In all the recent controversy over the FISA court, Lamberth says only one thing bothers him: the intelligence community and Congress aren’t standing up for the court.
In the filing, embedded below, the Obama Administration Justice Department quotes with approval the Foreign Intelligence Surveillance Court’s own view of its power, expressed in 2007, that “[t]he FISC is a unique court … [o]ther courts operate primarily in public, with secrecy the exception; the FISC operates primarily in secret, with public access the exception.”
The filing, which comes in response to a June lawsuit from the ACLU, coincides with a critical profile by the New York Times that claims the FISA court has “become almost a parallel Supreme Court” with its own “secret body of law” that bolsters the powers of the NSA.
When John G. Roberts Jr. appeared before the Senate Judiciary Committee that was weighing his nomination as chief justice, he was asked about the then-obscure Foreign Intelligence Surveillance Court, whose members are federal district judges appointed by the chief justice.
The FISA court, as it’s known — after the Foreign Intelligence Surveillance Act that created it — meets in secret to consider requests from the government for electronic surveillance of both suspected foreign agents and terrorists in the United States and foreign “targets” abroad. Among the documents released by NSA leaker Edward Snowden was an order from the court authorizing the collection of telephone metadata of American citizens.
“When I first learned about the FISA court, I was surprised,” Roberts told the committee. “It’s not what we usually think of when we think of a court. We think of a place where we can go, we can watch, the lawyers argue, and it’s subject to the glare of publicity. And the judges explain their decision to the public and they can examine them.”
But now, some civil libertarians fear, Roberts has accustomed himself to the closed nature of the court and is using his appointment authority to “pack” it with judges who will rubber-stamp invasions of privacy.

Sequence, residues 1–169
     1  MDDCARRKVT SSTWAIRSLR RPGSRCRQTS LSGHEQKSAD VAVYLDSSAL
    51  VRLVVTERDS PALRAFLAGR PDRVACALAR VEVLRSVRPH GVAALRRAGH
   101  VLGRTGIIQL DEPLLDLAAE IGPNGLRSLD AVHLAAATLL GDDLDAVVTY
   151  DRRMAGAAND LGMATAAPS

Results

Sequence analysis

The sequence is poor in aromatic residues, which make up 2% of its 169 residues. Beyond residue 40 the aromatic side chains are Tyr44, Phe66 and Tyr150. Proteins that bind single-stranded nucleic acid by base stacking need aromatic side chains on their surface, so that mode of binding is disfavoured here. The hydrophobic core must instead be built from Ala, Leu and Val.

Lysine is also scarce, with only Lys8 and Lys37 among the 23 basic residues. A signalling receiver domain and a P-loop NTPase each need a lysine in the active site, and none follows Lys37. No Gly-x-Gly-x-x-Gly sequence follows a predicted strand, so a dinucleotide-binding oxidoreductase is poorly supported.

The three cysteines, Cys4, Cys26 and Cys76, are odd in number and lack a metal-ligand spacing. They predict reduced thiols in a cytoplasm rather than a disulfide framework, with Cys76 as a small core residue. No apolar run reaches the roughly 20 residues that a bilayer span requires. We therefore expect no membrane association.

Without exactly making that argument, Washington Post columnist Ezra Klein noted that “Roberts’ nominations to the FISA court are almost exclusively Republican. One of his first appointees, for instance, was federal District Judge Roger Vinson of Florida, who not only struck down the Affordable Care Act’s individual mandate but the rest of the law too.” (I’m not sure what the relevance of the judge’s view of Obamacare is.)
When he was in his late 20s, John Roberts was a foot soldier in the Reagan administration’s crusade against the Voting Rights Act. Now, as chief justice of the Supreme Court, he will help determine whether a key part of the law survives a constitutional challenge.
Memos that Roberts wrote as a lawyer in President Reagan’s Justice Department during the 1980s show that he was deeply involved in efforts to curtail the effectiveness of the Voting Rights Act, the hard-won landmark 1965 law that is intended to ensure all Americans can vote. Roberts’ anti-VRA efforts during the 1980s ultimately failed. But on Wednesday, when the Supreme Court hears oral arguments in Shelby County v. Holder, he’ll get another chance to gut the law. Roberts’ history suggests a crucial part of the VRA may not survive the rematch.
At issue in Shelby County is whether a major portion of the Voting Rights Act, called Section 5, is constitutional. Section 5 compels jurisdictions with a history of discrimination, mostly in the South, to ask the Justice Department for permission—preclearance, in legalese—before making any changes to election laws. Shelby County, Alabama, is arguing that Section 5 is an extreme measure that is no longer justified because racism is no longer the problem it once was. If Section 5 is overturned, voting rights groups say, the federal government’s ability to ensure Americans are not denied the right to vote on the basis of race—at a time when race has been used as a proxy for party identification—will be severely weakened.